Posted by: gerrib18 | January 18, 2010

Social Networking Contracts: Setting boundaries with family

A well written legal contract can help to assure a mutually satisfying experience with any given project.  It is the tie that binds us with our client, obligates us to perform to the best of our ability, a promise of what we will deliver and the agreement to deliver what we promise.  It is also an entrusted acknowledgment from our client that we will be rewarded upon completion of our obligations.  And it is with that, that I recently entered into a very eye-opening agreement with the most significant client that I’ll ever have.

Last week, as I continued typing away on my keyboard, I heard a piercing sound coming from my den.  At first I was oblivious to the noise because I was so focused on a writing a social media proposal for a prospective client while keeping up with the many interactions taking place that night on Twitter and Facebook.   However, when the sound evolved into a shriek, it became apparently familiar.  It was my ten-year-old daughter screaming for my attention.  I was so absorbed in my task that I didn’t realize she wanted me.

How many times have we all been engrossed in some kind of project that anything going on outside our peripheral view might as well be happening on another planet?  My mother calls it selective hearing – a syndrome she equates with my father when he’s watching a golf match on TV and is totally deaf to her voice, despite the fact that she’s only several feet away from him.  Such is the case when I’m working on the computer, tweeting, friending, blogging or whatever and completely hypnotized by its power.  As hard as I might (might being the key word) try to pull away, another tweet, article or website just draws me back in.  Who would have thought that something other than food would have such control over me – that social networking would be the Ben and Jerry’s to my new addiction.

Though I pride myself on being a loving and responsible parent, I realized that I was in over my head with the computer and that I needed to regain the respect of my daughter.  In my own strategically analytical way, I had a “focus” session with my little girl to find out, from her perspective, what is and is not acceptable in using the computer.  With notes in hand, and information abstracted from a number of contractual law blogs, I set out to create a pseudo-legally binding agreement between us – an agreement that would meet her wishes and still permit me to profit from my new obsession.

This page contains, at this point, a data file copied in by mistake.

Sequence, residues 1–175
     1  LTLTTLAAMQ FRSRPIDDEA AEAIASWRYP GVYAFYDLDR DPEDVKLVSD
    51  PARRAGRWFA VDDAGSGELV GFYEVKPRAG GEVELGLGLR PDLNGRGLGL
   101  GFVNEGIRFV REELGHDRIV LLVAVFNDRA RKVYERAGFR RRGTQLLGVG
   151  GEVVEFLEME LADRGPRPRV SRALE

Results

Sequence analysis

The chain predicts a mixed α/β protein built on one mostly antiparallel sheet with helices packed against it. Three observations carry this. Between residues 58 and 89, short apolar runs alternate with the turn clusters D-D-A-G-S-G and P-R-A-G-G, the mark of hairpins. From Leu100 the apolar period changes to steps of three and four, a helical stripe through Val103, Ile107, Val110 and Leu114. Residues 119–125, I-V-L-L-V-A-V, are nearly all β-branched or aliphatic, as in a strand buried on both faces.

My daughter was very open to a written agreement so long as she had the final say in its substance.  In short, I agreed not to work on my computer between 5 PM and the time she goes to bed, unless she was doing her homework and didn’t need my help; and, she agreed to let me work without interruption until 5 PM unless it was an emergency.

Our emotions ran pretty thin as we created this agreement.  At such a young age, she very clearly articulated how I spent more time on the computer than with her.   The guilt set in – as it should have.  I learned how much my actions had negatively impacted my child.  Like so many other people that I notice on the internet constantly interacting with others, I was neglecting my daughter for a virtual social life.

In many ways, our children are not much different from our clients.  In order for us to position ourselves as authority figures, and become effective parents, we have to create trust within our homes.  Like social networking, we need to listen and become involved in the conversation.  And, in order to receive a payoff for our dedication, we need to make sure that our children believe that when we make a commitment to them, it is a promise that we will keep.  As regular posts and updates bring recognition and success to a social networking campaign, it is the daily interaction, play and gentle cues that create the ties that successfully bind us to our families.

Writing an AGREEMENT gave me and my daughter the opportunity to constructively share our feelings on paper and come to a consensus.  In establishing a healthy boundary of cooperation and trust between ourselves, and by signing on the dotted line, I also created a healthy boundary between myself and the internet.  My reward…a loving relationship with the most important person in my life.

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